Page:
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About this Poem 

“This poem comes from a forthcoming collaborative Bon Aire Projects book with writer/artist Reagan Louise, wherein we wrangle with radical love, kinship, sisterhood, expansiveness, and hilaria. This poem is relatively ready to embrace 2015.”
Danielle Pafunda

Literal, Littoral, Littleral

I have enough times been the ampersand,
the hitch between two vehicles
the vehicle itself careening questionably
up the mountain road, which is,
in my opinion, poorly designed, a hazard.
It is sometimes called the coast,
the coastal highway, but never
the cliff-side transfer whereby you take
your life in your hands, or more literally
the wheel in your hands, or the hands
beside which you sit, the wheel by which
many subtle gestures ensure
your safe arrival. Anyhow, it seems to me
a very poor choice of transit. However
much we love vehicular independence,
the illusion thereof. Or the glamour
of regency ghouls. That golden age.
Anyhow, the vehicle, she, why not,
that has many times been me,
and hardly splendorous, sinking
dolefully, doefully, dutifully
into the “lake,” rolling graceless over,
eating up the “blurred yellow lines,”
eating pavement, often graciously so.
I have been the pinch of weather
in the phenomenological space
between you lovers, the compartment
in which you exist hand to thigh.
The crowbar in the garden rusting
from strange use, with little ambition,
who would throw such a thing there?
And when I am no longer analogous,
I go. Likely poorer and better off besides.

Copyright © 2015 by Danielle Pafunda. Used with permission of the author.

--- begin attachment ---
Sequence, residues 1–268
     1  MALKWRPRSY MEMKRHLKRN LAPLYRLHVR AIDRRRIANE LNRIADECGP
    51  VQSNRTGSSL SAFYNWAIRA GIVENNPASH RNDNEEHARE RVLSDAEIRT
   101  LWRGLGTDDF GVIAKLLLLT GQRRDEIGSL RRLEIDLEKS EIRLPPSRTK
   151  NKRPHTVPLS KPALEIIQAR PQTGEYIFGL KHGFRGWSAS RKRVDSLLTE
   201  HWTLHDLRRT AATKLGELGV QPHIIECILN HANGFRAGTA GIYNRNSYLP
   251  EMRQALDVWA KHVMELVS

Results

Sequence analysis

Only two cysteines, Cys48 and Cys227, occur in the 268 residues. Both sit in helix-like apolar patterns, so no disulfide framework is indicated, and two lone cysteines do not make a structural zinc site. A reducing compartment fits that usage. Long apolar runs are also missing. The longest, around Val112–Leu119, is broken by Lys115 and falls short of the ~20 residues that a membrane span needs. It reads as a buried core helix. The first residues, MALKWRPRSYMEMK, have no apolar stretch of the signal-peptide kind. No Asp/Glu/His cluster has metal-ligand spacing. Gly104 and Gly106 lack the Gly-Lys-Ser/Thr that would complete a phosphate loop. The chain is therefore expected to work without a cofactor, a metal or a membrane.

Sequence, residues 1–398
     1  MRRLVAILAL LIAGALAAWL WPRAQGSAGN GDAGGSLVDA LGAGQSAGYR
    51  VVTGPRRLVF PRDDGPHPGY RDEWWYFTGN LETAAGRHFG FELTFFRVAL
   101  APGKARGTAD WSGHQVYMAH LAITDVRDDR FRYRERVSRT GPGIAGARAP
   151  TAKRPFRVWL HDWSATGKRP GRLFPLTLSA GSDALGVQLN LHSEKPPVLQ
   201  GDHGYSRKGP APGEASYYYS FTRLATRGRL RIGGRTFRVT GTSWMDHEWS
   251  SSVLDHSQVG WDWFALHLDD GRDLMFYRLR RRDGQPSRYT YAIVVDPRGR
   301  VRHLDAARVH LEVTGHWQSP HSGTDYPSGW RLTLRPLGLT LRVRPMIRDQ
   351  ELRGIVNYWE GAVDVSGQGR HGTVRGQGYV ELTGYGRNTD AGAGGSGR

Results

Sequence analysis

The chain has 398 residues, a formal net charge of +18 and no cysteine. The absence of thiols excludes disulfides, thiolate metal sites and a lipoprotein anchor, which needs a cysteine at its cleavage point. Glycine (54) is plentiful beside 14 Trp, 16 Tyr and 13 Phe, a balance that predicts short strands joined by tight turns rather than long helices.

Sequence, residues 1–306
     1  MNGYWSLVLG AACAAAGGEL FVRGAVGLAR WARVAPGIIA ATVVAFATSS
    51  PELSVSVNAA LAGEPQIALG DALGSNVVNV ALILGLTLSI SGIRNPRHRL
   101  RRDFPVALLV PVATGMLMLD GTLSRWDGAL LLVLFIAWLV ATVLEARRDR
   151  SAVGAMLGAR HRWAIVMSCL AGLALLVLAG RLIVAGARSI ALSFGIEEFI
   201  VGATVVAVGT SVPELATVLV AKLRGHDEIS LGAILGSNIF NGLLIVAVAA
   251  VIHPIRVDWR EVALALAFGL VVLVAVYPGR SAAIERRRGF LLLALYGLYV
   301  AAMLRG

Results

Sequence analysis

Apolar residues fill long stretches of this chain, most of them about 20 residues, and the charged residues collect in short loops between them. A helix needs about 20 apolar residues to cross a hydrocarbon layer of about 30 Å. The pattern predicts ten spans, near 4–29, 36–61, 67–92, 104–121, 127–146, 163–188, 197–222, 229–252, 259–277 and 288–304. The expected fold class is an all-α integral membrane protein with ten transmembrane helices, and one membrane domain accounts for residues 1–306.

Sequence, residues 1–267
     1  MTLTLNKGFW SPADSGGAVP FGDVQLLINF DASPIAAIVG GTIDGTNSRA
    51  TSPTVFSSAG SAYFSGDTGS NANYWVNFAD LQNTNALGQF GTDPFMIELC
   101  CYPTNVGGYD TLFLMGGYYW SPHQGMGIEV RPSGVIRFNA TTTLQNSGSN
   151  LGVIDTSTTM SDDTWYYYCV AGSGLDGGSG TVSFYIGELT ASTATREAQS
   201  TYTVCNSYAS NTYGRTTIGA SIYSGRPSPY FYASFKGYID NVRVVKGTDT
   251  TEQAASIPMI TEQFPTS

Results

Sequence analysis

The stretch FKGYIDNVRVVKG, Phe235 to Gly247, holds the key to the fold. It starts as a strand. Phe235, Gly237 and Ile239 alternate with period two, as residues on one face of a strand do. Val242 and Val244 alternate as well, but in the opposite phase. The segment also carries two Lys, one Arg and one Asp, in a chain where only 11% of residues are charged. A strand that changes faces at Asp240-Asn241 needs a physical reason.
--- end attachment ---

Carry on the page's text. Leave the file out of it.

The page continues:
Copyright © 2015 by Danielle Pafunda. Used with permission of the author.

Danielle Pafunda

Danielle Pafunda

Danielle Pafunda is author of The Dead Girls Speak in Unison (Bloof Books, 2016). She teaches at the University of Wyoming, Laramie.

by this poet

poem

What use in you you wrong wrought wood
what bevel escaped its key. A mandible
beyond its prey an arrow all shaft in each
one its torso oddly pierced and tails that spring
like thistle weed a root that wears a vacant stay
and tacky to the touch its itch to form a place
gone red with

2
poem
Do not pretend that you don't like it
when we threaten you.

We see you getting pheromone stink
under the collar, moaning, baldly. 

Motionless, picturing decay.

When we creak your step,
when we crack your glass,
when we tap tap tap,

that is a bone

that is all we have

though we are very shiny,
and filled
poem

As a feral thing would. As a dead leaf
whose crunch she herself hears, whose

buggy interior floods the sidewalk. Beamy
the world, yet a blank all the same.


Where you’ve tucked your pen into your notes,
I tuck my fingernail, burned and cursed and

shut tight my